There it was on my dining room floor of my apartment, a half caterpillar, half butterfly – a caterfly. Not fully metamorphosized into what it was intending to be.
Crawling on my floor, flapping its wings you could see the beginning of aesthetic beauty, the bright orange colours of a monarch butterfly at the centre of its otherwise faded brown and underdeveloped wings. But this creature could not fly.
Assumedly blown into my apartment during a torrential downpour, the blustering winds tearing it from its home on one of the trees out back. Breaking open its cocoon that was created for shelter from the inner storm of transformation. It’s self-created protective device to keep it safe while it goes through the agonizing discomfort of change. Not unlike our own self-created, eventually self-destructive, protective devices intended to keep us safe from the storms of life.
This caterfly was unceremoniously cracked open far too early for it to reach its full potential, to fully transform into a butterfly. Ripped from its shelter, while in transition from beast to beauty.
But this caterfly did not come to me by accident. Propped on my apartment floor six storey’s up, the wind guiding its way through a small opening in my balcony doors seemed like an extreme feat even for nature …. not to mention that it had not been eaten by my cats, who were in fact just merely staring at this “odd” creature in awe and curiosity just as I was.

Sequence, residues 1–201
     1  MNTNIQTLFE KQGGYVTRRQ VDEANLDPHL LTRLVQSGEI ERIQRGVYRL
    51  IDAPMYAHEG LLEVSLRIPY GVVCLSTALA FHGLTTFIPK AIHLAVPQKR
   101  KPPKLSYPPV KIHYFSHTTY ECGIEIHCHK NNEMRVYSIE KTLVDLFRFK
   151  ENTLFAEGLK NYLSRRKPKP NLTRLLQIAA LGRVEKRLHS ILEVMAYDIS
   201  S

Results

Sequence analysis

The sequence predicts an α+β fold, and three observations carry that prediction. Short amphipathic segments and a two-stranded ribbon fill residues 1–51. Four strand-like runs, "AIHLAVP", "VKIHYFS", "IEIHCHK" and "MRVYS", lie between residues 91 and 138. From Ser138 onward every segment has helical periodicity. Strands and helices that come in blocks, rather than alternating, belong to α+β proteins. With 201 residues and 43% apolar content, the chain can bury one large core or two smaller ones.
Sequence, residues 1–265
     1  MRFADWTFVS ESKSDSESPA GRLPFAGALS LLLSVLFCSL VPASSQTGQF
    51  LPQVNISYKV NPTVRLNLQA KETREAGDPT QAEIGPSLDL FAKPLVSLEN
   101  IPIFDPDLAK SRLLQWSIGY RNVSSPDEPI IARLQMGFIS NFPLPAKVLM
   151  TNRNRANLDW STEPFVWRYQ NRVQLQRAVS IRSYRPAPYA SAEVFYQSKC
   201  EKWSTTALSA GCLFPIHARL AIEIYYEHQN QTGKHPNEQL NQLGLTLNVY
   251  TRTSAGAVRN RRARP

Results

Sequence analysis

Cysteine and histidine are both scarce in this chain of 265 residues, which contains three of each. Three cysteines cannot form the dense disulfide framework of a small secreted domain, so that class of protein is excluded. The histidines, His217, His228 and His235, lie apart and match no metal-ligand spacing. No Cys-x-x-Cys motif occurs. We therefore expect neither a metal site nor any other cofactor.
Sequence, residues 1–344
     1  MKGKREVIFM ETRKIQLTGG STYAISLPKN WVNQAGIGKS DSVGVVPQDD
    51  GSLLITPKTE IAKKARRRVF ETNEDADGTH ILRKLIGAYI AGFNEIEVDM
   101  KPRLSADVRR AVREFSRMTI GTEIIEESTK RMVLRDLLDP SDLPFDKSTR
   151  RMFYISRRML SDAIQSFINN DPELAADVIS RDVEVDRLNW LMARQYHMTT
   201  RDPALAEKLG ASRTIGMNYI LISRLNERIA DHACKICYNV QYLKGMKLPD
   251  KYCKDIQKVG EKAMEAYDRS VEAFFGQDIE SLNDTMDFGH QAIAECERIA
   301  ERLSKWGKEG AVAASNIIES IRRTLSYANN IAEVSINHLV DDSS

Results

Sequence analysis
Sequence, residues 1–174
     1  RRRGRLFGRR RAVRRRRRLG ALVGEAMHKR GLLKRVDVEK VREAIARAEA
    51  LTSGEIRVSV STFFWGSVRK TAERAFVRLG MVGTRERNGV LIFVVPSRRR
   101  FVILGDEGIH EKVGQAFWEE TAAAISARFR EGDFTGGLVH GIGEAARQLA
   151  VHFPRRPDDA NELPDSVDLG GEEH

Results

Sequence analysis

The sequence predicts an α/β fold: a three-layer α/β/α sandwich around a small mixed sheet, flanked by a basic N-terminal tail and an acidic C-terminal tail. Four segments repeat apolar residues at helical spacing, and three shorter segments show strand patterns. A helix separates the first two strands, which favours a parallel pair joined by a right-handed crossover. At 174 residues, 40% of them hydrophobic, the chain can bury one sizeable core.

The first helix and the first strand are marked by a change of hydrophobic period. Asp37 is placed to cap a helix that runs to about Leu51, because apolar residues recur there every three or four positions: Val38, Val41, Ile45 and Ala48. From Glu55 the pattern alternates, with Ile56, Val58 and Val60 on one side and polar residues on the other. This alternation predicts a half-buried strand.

This creature torn from its cocoon, its comfort zone during its most fragile transition was symbolic of me, of my life … able to crawl, but not quite able to fly yet.
Yet this caterfly survived the storm, seemed to be accepting of its limitations, not frantically searching for its cocoon of safety and needing to fearfully crawl back into it, rather it appeared to be at peace as it continued to crawl on and attempt to fly.
And it is with this observation of character and perseverance that I realized it is exactly these imperfections that make it beautiful and unique … perfect in its imperfection. And it is here in this transitional stage where we find our own way, who we really are and develop our own wings to fly.
But I wanted to keep this caterfly, to nurse it, help it grow and become what it should be or so what I thought it should be, but I knew I couldn’t. It would wither and die and never be what it is supposed to be in this life if I tried to hold on to it and force it to become something it couldn’t and, perhaps, something it didn’t want to be. I knew it could only be what it is and realized there was nothing wrong with that when I saw it find comfort and joy as I placed it where it belongs … in the garden. I watched it happily crawl up the stems of the plants, proudly spreading its wings and showing its unique beauty to the world.
I knew it was flying on the inside.